A “trusted front door” needs to be hung on the cloud before the computing trend can be considered secure.
So says Nico Popp, vice president of product development, authentication and trust services for VeriSign. He will detail what it takes to construct such a door between enterprises and cloud providers during his presentation, which is aptly named “Trusted Front Door to the Cloud,” at July’s Cloud Identity Summit.
Popp will discuss a trust infrastructure model: a common set of policies as part of a certification program and a shared infrastructure of trust brokers. The model will enable such functions as identity and access management interoperability, security and monitoring.
“Trust is the big issue in the cloud and we think identity is the linchpin of trust when it comes to the cloud,” said Popp. “We need to enable federation because the old model of creating an identity at each cloud provider just does not work.”
And there are other materials that must go into building the trusted front door. In addition, the cloud needs to enable layered security, multi-factor authentication, privacy, governance, compliance, audit trails, reporting, provisioning, policy enforcement and reliability,” he says.
Popp says there are opportunities to combine some of these elements. And all of them become part of the trusted front door. “In the cloud, policy setting mechanisms are primitive, audit and controls are minimal, monitoring remains adhoc, and certification programs are missing,” he says.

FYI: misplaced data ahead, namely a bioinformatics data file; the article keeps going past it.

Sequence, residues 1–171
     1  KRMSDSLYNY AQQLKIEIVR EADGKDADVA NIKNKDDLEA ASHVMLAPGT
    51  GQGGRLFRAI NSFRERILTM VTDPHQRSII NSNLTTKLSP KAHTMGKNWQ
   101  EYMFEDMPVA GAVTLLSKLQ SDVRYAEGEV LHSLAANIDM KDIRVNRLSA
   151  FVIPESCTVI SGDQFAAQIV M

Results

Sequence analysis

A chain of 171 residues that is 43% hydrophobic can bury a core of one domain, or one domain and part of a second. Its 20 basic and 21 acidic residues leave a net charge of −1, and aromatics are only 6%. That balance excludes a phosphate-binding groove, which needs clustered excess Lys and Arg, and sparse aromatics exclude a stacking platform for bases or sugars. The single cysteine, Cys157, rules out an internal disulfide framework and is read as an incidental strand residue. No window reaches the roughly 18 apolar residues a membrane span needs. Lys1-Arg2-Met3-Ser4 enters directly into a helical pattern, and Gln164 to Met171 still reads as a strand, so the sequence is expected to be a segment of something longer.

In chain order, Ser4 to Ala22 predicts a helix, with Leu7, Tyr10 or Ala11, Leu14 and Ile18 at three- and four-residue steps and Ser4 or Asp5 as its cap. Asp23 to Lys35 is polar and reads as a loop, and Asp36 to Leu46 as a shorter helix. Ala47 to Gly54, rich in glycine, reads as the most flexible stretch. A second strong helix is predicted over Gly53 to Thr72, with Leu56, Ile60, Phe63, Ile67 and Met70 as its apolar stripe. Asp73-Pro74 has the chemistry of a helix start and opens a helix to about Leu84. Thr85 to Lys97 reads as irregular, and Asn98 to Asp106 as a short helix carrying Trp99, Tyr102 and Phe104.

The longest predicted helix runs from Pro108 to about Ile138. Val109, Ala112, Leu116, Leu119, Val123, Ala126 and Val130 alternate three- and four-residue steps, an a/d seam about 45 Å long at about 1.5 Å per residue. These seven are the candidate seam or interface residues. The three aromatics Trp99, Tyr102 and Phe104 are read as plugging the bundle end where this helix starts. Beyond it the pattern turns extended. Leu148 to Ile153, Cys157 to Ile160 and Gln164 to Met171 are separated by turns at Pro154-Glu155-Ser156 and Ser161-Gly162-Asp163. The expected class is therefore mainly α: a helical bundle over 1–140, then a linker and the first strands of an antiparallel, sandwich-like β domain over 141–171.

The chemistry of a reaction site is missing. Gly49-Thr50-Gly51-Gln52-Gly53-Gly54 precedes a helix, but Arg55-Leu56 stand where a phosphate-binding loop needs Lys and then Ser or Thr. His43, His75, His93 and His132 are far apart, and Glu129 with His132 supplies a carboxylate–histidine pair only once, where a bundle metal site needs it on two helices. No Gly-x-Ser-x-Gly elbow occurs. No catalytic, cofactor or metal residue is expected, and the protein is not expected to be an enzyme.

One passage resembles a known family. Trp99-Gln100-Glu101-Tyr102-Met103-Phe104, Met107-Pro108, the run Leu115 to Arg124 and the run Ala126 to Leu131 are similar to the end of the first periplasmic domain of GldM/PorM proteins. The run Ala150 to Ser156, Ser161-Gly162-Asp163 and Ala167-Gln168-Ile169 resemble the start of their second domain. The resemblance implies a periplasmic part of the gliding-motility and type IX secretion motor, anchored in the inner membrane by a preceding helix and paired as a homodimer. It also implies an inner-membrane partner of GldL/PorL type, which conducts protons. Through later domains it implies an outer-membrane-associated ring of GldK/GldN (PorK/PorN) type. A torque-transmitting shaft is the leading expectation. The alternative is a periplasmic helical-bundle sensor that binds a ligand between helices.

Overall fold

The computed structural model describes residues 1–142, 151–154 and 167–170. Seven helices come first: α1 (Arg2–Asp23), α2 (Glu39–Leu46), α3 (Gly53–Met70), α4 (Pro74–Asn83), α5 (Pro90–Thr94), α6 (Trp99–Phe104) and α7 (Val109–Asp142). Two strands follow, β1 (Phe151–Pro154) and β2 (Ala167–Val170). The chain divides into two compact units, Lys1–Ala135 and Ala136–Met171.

A key step is to develop policy frameworks, namely trust.
But what the trust framework should look like is still an open question, Popp says. “We need to start with a certificate program as a common baseline for security. “ The Open Identity Exchange is one example where trust framework efforts are under way. One goal is to ensure where liability is tethered. Popp says Visa is an example of a trust model to emulate.
“To solve trust in the cloud we have to solve the identity issues, the infrastructure issues. We have to decide what the infrastructure looks like, we need new trust frameworks and we need to determine if it all will be enough,” he says.